Friday 25th November 2011
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Chatham Rock Phosphate, which is developing a project to mine phosphate from the sea floor for use as a fertiliser, has announced it will delay its proposed $40 million initial public offering till next year, sighting uncertain market conditions.
The Takaka-based company is looking to private investors to raise new capital in the interim, and posted an unaudited net loss after tax of $248,000 in the six months ended Sept. 30, up from $185,000 on the same period last year as it continues to spend development funds ahead of likely revenue.
“The purpose of the IPO is to fully fund CRP through to a mining license grant and commencement of production. Although it remains a priority to secure full funding for the project we consider it in the best interests of our shareholders to delay seeking full funding for now,” said chairman Keith Hindle.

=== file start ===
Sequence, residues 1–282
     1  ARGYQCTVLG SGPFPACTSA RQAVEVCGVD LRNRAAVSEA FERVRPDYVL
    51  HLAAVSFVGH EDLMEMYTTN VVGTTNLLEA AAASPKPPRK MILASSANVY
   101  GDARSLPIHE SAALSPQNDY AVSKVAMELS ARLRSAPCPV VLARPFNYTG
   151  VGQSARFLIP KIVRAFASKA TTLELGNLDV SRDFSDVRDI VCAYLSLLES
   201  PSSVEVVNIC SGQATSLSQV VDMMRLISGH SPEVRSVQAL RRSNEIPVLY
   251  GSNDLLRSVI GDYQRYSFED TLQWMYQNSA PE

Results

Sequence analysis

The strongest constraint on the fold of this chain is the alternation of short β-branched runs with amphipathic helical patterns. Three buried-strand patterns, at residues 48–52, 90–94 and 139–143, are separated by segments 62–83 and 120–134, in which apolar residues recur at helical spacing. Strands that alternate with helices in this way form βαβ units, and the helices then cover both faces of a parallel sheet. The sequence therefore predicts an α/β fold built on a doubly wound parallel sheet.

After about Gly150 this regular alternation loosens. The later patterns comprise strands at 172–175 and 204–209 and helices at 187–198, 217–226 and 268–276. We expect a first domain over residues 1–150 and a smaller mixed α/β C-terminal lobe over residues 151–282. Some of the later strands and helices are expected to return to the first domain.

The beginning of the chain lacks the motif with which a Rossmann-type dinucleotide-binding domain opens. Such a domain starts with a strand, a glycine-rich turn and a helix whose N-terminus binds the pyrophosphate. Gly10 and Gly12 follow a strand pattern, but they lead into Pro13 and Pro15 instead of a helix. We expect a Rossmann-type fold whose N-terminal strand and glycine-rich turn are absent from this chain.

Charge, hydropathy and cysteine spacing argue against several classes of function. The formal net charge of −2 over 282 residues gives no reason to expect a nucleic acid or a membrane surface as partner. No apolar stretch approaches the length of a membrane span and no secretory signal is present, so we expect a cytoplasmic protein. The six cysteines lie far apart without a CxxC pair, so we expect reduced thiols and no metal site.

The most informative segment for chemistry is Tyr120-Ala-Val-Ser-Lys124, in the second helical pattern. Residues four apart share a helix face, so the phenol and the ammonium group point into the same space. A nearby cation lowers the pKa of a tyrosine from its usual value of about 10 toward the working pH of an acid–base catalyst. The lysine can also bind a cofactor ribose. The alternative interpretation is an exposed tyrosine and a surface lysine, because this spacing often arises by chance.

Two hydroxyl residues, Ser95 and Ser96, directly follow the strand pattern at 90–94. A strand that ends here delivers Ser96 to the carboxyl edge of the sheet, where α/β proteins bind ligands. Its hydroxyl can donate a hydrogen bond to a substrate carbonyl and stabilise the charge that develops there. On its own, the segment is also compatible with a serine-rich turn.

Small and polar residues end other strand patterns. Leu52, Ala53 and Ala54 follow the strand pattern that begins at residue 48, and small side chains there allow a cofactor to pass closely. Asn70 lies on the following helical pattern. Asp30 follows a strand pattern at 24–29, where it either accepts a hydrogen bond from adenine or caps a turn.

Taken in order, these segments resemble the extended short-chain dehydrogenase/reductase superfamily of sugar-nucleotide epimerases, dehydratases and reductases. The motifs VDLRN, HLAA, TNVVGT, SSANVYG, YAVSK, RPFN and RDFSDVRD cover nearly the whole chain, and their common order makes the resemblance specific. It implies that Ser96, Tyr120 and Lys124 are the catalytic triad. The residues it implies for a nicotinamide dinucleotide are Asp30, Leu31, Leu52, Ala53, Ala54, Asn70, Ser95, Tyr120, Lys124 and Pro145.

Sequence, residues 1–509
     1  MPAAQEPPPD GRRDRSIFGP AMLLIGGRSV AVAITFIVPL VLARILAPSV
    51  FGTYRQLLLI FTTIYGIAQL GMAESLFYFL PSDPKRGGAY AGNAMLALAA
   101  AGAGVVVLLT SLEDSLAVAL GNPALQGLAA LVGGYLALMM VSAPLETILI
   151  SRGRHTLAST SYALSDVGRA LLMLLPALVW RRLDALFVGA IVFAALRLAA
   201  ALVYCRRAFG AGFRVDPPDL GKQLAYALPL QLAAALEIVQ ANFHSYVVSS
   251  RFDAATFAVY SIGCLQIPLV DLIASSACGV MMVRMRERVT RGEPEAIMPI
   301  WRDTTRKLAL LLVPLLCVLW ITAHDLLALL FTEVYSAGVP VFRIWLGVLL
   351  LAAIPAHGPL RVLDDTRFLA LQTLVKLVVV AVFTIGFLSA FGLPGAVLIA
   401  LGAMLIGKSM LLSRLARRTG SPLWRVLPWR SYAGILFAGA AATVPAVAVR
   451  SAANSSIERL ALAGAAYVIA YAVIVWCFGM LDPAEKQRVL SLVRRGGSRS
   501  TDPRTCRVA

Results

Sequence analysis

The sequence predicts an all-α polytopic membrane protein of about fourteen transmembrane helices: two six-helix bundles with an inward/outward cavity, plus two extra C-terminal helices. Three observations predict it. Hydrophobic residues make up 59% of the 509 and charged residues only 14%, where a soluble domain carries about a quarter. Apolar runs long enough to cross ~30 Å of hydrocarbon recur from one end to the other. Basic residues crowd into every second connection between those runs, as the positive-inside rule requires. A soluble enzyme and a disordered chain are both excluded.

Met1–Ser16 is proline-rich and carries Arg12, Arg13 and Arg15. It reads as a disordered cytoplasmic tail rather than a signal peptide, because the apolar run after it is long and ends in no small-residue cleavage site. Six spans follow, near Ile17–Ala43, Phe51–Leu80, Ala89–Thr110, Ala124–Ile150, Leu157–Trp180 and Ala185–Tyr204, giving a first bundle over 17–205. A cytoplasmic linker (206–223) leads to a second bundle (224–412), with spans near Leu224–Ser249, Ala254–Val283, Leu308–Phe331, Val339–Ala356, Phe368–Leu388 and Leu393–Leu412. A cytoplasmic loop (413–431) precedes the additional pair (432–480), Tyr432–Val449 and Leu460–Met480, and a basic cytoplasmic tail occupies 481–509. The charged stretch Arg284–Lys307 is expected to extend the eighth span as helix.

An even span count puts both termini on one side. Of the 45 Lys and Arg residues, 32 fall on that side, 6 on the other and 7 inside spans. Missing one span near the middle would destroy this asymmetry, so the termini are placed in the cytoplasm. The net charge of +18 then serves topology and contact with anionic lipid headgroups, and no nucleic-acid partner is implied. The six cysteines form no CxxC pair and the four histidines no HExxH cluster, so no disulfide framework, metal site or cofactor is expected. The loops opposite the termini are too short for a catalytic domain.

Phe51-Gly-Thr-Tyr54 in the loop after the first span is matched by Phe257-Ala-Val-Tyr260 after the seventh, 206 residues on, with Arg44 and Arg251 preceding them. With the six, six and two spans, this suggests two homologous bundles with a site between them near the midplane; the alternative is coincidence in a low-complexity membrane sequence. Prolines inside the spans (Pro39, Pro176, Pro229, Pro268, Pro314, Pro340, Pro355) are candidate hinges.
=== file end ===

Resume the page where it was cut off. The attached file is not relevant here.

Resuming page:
CRP is known to have been considering listing on the Toronto Stock Exchange, which already has 19 listed fertiliser companies. It has had the project valued at $34 million, rising to $400 million if successfully executed.
Hindle said developments include operational matters, financing, and proposed overseas listing, with market developments in Australia and South-East Asia.
In September CRP’s shares soared to as high as 33 cents on the NZAX alternative market up from 13 cents on Aug. 19, promoting the NZX to ask the company if it was still in compliance with disclosure rules or had market sensitive information that could account for the gains.
CRP, or Widespread Energy as it was previously known, was granted a prospecting permit on the Chatham Rise last year to test whether the area contains an estimated 100 million tonnes of rock phosphate, which could be worth $28 billion.
A successful mining operation could slash New Zealand’s costs for imported fertiliser.
The estimate comes from 30-year-old data derived from exploration work carried out by the government and companies such as Fletcher Challenge in the 1970s and 1980s.
CRP shares last traded at $0.20 on Nov. 16.
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